Strand Book Store in New York City, a giant in the independent bookstore world that has been open for 93 years,announced on Oct. 23 that it needed help from the local community urgently because sales were down 70%. Luckily, the weekend after the letter was sent, it received 25,000 online orders and had huge lines to get in. The community support was insane.
The Strand isn’t the only bookstore that has called on its community for help. Shakespeare and Company in Paris, a famous bookstore modeled after Sylvia Beach’s in the early 20th century that was a hangout spot for authors like Ernest Hemingway and James Joyce,also had to appeal to its customers for support. Amber Unicorn Books in Las Vegas isclosing after 39 years in business, and The Book Nook in Michigan isclosing after 50 years of business. Sadly, Publishers Weekly is stocked full of these stories.
As the year goes on and COVID-19 continues to affect in-person selling and printing availability, bookstores have had to find new routines and sales options for customers in order to keep revenue up. Bookstores a little closer to home in Boston are experiencing similar struggles, though many of them have found ways to persevere even though they continue to have reduced hours and new COVID-19 protocol expenses.
One new program created by Porter Square Books is called “Shop with Your Pod,” which gives a group of up to 10 people the ability to be in the store on its own for an hour.
“It’s good for business,” David Sandberg, who co-owns Porter Square Books with his wife Dina Mardell, said. “But the main reason why we did it is there’s a lot of people, especially with the holidays coming up, that still don’t feel comfortable being in the store in public.”
Porter Square Books also began publishing a specialty newsletter called Shelf Stable early on in the pandemic. This helped the bookstore stay connected to its community by talking about books but also personal experiences. Initially being a daily publication when the pandemic began, the newsletter now runs a few times a week.
“We got more positive reactions from customers about this newsletter than almost anything we’ve done online,” Sandberg said.
A central part of bookselling is person-to-person interaction; however, COVID-19 limits this. The bookseller is not placing books into your hands which changes how they do their jobs. Harvard Book Store General Manager Alex Meriwether talked about how the store has adapted to this new type of selling.
“Our staff ... [has shown] a tremendous amount of ingenuity and resilience and make it work even though it’s difficult,” he said.
Customers have also responded to bookstores’ attempts to still create community in their spaces.
“We’ve had some remarkable Yelp reviews since we reopened that honestly have brought tears to our eyes, just how meaningful the interaction with our staff has been for people and how meaningful being in a bookstore has been for people,” Meriwether said.
As with many stores, holiday season sales are crucial. Not only does lower in-store capacity threaten the amount of sales bookstores can have, but there are also all sorts of supply chain issues because of COVID-19 that create problems with bookstores not having enough of the ‘hot ticket’ titles. If printing is decreased and bookstores cannot get more of a specific title that they otherwise would have sold, this could severely impact their sales.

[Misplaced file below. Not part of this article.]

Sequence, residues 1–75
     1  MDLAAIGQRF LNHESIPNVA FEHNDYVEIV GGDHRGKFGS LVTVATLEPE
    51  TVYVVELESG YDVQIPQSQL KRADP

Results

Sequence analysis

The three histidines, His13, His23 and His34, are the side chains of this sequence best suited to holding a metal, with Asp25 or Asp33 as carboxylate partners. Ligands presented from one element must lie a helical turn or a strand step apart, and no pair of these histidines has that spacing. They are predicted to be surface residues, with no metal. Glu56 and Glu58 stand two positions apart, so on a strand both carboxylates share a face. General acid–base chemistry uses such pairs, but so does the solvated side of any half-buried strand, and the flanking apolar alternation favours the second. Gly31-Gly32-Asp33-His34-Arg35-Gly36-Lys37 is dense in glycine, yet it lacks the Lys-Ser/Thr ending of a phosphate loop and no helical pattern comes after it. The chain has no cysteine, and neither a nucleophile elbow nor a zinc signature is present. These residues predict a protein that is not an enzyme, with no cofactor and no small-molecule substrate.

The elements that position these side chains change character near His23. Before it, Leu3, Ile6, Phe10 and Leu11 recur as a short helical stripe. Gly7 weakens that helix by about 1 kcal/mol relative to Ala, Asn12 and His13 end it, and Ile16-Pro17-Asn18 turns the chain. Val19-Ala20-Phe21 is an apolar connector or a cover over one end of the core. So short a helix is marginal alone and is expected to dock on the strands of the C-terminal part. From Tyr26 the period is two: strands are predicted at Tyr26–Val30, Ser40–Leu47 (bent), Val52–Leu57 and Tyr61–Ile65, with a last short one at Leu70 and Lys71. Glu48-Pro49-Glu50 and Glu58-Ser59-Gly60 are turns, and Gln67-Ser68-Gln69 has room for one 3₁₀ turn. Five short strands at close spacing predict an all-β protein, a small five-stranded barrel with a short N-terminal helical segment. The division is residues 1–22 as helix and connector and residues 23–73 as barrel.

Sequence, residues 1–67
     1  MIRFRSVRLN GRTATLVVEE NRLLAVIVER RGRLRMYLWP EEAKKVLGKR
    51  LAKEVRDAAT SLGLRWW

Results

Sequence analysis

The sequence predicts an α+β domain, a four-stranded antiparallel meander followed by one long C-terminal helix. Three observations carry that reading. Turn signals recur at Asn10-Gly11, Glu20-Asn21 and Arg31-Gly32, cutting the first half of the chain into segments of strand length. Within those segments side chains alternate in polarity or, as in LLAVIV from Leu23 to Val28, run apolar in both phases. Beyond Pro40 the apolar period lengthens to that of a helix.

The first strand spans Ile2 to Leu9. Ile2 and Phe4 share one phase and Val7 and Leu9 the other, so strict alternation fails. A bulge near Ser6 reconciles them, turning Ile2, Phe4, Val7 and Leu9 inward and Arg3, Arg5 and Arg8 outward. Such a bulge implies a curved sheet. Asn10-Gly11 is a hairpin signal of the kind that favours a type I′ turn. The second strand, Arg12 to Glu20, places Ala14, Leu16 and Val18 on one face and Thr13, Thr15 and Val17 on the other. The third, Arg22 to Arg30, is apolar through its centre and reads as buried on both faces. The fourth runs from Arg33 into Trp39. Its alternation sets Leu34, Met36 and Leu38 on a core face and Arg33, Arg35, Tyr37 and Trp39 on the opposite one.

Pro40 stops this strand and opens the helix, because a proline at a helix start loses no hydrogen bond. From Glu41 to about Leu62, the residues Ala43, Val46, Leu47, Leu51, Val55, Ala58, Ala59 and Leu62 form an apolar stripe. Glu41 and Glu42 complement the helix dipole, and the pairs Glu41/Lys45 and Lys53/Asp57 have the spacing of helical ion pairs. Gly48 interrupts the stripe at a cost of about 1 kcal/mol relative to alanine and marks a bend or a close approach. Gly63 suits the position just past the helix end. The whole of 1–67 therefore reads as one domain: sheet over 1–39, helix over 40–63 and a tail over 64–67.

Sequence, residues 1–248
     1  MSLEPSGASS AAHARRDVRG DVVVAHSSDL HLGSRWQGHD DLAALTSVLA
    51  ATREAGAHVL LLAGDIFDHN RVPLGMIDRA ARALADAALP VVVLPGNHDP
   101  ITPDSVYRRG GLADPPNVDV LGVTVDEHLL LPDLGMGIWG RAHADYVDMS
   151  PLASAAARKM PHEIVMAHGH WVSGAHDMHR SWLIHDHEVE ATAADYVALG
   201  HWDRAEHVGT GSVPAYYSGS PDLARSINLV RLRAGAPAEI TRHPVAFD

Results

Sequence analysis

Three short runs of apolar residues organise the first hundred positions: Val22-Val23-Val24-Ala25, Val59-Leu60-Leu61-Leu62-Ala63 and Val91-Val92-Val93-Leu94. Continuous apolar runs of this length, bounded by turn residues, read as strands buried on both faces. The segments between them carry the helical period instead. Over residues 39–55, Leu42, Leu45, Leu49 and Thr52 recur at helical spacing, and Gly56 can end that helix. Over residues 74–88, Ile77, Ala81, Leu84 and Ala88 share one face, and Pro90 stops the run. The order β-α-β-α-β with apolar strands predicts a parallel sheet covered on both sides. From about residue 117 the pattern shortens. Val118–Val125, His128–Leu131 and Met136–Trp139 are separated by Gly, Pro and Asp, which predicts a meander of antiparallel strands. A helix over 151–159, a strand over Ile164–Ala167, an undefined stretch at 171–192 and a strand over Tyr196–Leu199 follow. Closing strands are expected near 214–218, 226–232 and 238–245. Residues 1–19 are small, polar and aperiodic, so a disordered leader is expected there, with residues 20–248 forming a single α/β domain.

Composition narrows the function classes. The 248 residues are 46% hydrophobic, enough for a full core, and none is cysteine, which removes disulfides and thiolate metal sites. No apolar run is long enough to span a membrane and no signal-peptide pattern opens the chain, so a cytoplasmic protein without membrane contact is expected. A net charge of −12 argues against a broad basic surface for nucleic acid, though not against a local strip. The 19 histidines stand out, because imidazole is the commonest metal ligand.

Porter Square Books is dealing with the possibility of lowered printing by ordering more books than they normally would.
“Books especially that we know are going to be big ... we’ll order twice as many as we might have otherwise,” Sandberg said. “Normally you’d do a big upfront order and then as you need you’d slowly order more as you sold them, but now we don’t want to take the chance that ... we can’t get them.”
Another way bookstores are adjusting is by extending their holiday season. Harvard Book Store decided to spread out its holiday shopping and sales across October and November. It had its annual sale that is usually a one day in store and online event over three days instead. Harvard also sent a letter to customers asking for support like the Strand and Shakespeare and Company.
And the response was extraordinary. People showed up, supporting it with all their might. On the Sunday of the sale, Meriwether said they sold over 10,000 books and had 40 times the online sales from the previous Sunday. Just that weekend is representative of the widespread community support that bookstores like Harvardneed and receive.
“We really saw the support of our community with that letter ... and we’re going to do our best to keep reminding folks that we need that sustained support and we’re going to work hard to be the best we can be for them,” Meriwether said.
In order to deal with the influx of online orders, Harvard Book Store has created socially distanced workspaces in the used book basement and has temporarily closed the used book basement to the public. Even though this part of the store is closed, Meriwether discussed how used books were not really selling right now anyway — therefore, closing the basement to make workspaces was the best option.
Situations with COVID-19 are constantly changing. Therefore, stores have to stay on their toes.
“Going into this winter, it’s hard to know what in-person shopping is going to be like … [so we’re] noticing trends and developing efficiencies where we can, but knowing things will keep changing,” Meriwether said.
Within all of the uncertainty and sad news, there are these stories of resilience and community support that give independent bookstores hope. Nonetheless, it is important, now more than ever, to continue supporting these community staples by doing holiday shopping with them — and not using Amazon to purchase books.